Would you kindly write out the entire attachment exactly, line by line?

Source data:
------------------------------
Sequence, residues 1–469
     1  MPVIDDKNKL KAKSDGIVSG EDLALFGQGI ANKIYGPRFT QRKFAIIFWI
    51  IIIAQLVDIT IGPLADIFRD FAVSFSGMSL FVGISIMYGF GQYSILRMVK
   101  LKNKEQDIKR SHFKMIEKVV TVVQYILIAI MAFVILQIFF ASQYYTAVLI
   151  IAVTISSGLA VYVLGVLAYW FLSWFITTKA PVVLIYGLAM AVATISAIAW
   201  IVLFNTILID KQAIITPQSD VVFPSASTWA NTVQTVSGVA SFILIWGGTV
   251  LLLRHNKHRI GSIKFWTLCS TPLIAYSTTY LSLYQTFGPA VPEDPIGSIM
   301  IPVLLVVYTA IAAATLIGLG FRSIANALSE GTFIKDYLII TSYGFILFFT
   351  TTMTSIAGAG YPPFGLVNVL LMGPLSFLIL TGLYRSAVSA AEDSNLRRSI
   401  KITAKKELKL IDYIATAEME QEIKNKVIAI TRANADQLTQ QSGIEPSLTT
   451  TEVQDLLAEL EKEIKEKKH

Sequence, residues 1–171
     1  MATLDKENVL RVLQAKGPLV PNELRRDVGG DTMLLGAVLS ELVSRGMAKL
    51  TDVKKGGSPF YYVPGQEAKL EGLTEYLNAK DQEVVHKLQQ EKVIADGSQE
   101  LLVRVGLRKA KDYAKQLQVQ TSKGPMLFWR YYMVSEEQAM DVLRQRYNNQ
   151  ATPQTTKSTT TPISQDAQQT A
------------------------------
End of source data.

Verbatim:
Sequence, residues 1–469
     1  MPVIDDKNKL KAKSDGIVSG EDLALFGQGI ANKIYGPRFT QRKFAIIFWI
    51  IIIAQLVDIT IGPLADIFRD FAVSFSGMSL FVGISIMYGF GQYSILRMVK
   101  LKNKEQDIKR SHFKMIEKVV TVVQYILIAI MAFVILQIFF ASQYYTAVLI
   151  IAVTISSGLA VYVLGVLAYW FLSWFITTKA PVVLIYGLAM AVATISAIAW
   201  IVLFNTILID KQAIITPQSD VVFPSASTWA NTVQTVSGVA SFILIWGGTV
   251  LLLRHNKHRI GSIKFWTLCS TPLIAYSTTY LSLYQTFGPA VPEDPIGSIM
   301  IPVLLVVYTA IAAATLIGLG FRSIANALSE GTFIKDYLII TSYGFILFFT
   351  TTMTSIAGAG YPPFGLVNVL LMGPLSFLIL TGLYRSAVSA AEDSNLRRSI
   401  KITAKKELKL IDYIATAEME QEIKNKVIAI TRANADQLTQ QSGIEPSLTT
   451  TEVQDLLAEL EKEIKEKKH

Sequence, residues 1–171
     1  MATLDKENVL RVLQAKGPLV PNELRRDVGG DTMLLGAVLS ELVSRGMAKL
    51  TDVKKGGSPF YYVPGQEAKL EGLTEYLNAK DQEVVHKLQQ EKVIADGSQE
   101  LLVRVGLRKA KDYAKQLQVQ TSKGPMLFWR YYMVSEEQAM DVLRQRYNNQ
   151  ATPQTTKSTT TPISQDAQQT A